Prompt reporting, discipline for safety violations and incentive programs can be useful tools in a comprehensive approach to a safe workplace. Like all tools, they can be misused and abused. OSHA has made it quite clear that the rules themselves might not be sufficient and, in some cases, they might be illegal. Claimant attorneys will surely file the Fairfax memo in their tool box for pursuing claims against employers. Prudent managers should take their own notes and adjust current programs accordingly.

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April 4, 2012


Ken Faulkenberry of AAAMP Blog hosts the latest risk-related roundup: Cavalcade of Risk #154 - Healthcare Mandate Edition. Check it out!

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April 3, 2012


vintage photo of ambulance and injured worker

We're happy to bring you this 12-minute, must-watch video commemorating the 100th Anniversary of Workers Comp. The video highlights progress in worker safety, treatment of injured workers and risk management in the past 100 years. In addition to telling the history of comp, it also features three visionary women who were instrumental in furthering health and safety of workers...one of whom witnessed the Triangle Shirtwaist fire. Until this clip, I did not realize the strong role that women played in this history.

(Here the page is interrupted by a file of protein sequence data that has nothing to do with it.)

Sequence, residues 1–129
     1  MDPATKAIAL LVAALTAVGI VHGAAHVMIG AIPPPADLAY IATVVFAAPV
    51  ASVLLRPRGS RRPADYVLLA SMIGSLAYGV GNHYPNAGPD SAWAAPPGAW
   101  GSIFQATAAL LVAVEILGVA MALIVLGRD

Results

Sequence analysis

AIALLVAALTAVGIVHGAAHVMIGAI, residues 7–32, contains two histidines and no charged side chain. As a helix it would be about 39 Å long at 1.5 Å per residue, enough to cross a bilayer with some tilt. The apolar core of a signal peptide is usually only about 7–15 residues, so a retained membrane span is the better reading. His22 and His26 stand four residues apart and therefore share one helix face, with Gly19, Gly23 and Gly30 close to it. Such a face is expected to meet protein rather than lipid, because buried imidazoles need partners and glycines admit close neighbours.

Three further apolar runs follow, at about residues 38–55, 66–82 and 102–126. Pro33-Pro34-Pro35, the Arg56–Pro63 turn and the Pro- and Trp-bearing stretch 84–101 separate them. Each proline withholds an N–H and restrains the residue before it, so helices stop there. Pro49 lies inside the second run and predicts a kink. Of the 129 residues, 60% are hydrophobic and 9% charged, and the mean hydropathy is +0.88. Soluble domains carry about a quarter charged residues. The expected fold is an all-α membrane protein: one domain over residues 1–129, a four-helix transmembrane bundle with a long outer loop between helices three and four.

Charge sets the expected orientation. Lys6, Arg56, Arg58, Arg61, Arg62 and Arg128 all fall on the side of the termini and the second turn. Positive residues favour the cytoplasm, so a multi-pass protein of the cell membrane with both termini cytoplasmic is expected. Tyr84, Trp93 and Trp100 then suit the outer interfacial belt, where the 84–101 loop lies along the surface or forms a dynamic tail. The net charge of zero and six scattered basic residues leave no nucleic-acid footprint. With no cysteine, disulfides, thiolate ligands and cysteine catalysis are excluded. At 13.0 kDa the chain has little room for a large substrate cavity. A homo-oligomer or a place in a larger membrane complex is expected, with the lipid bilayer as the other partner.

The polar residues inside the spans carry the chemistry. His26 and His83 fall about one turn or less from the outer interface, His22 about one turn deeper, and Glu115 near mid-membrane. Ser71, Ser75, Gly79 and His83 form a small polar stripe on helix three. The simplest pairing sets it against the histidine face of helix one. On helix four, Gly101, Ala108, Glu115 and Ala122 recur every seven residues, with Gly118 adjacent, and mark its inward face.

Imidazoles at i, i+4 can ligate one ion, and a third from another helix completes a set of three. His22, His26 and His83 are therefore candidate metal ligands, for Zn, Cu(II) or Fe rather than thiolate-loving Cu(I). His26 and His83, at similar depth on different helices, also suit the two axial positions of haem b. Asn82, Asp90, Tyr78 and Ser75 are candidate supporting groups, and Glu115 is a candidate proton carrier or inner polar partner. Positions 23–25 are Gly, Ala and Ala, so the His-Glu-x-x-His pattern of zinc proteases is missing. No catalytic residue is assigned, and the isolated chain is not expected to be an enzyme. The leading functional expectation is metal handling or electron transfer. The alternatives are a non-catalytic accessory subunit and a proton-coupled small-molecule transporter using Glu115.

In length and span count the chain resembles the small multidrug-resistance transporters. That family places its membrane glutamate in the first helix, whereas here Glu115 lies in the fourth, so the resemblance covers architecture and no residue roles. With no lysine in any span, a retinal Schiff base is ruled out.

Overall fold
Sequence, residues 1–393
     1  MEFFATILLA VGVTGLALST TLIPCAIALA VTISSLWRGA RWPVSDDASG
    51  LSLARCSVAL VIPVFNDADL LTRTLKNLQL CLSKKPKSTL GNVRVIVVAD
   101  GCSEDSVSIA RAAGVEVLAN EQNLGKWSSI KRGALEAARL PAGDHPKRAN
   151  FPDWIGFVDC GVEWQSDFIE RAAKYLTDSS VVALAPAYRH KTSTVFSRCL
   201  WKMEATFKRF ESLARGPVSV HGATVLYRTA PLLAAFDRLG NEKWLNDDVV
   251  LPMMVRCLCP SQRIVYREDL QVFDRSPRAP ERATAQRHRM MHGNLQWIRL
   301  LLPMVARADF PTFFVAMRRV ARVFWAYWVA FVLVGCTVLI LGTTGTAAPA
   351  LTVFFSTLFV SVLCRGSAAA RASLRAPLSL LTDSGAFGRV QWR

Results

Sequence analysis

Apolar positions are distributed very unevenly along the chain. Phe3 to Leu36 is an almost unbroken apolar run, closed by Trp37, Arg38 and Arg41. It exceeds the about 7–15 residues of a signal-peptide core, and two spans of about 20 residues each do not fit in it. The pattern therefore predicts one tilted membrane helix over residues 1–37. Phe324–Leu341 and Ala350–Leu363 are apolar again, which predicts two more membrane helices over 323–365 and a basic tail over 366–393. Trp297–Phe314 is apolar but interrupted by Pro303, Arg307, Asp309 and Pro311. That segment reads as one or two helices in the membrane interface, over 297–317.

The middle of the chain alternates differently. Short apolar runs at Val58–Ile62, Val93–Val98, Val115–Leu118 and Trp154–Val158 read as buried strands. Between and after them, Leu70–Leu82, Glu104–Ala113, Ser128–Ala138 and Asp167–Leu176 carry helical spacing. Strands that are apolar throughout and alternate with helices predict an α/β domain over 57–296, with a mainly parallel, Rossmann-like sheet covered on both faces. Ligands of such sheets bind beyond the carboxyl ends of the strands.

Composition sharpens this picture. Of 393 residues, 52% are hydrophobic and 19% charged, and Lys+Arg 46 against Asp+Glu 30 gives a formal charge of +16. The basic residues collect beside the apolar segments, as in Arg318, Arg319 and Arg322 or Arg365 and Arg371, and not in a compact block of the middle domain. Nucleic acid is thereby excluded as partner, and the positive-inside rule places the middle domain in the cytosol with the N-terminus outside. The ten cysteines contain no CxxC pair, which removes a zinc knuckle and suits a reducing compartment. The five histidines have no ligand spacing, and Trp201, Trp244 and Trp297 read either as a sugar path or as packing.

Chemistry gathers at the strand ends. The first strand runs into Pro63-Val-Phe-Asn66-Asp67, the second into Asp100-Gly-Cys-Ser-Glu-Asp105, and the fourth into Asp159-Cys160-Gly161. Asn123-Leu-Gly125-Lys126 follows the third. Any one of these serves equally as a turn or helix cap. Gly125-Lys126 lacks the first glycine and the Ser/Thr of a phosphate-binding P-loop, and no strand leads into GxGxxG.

Kudos go to Sedgwick as well as to our colleague and friend Peter Rousmaniere. who wrote the script.

Here's some additional information about the women highlighted in the video clip:
Crystal Eastman
Frances Perkins
Alice Hamilton MD

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April 2, 2012


In the 2010 Oregon rankings for the cost of comp insurance, New York comes in 13th, with an average rate of $2.34 per $100 of payroll. That does not sound too bad, until you factor in the extraordinary 20.2 percent assessment that is tacked onto premiums. ** This assessment is double that of the nearest state (Minnesota at 8.9 percent) and nearly five times the average among states. When you combine the already high rates for coverage with the assessment, New York ends up near top of high cost states.

Quoting research from the Workers Comp Policy Institute (WCPI), Risk & Insurance Magazine identifies three major components in the assessment:
- the Second Injury Fund, accounting for half the total
- the Reopened Case Fund that covers claims reopened after more than 7 years
- the Workers Compensation Board, which oversees comp in NY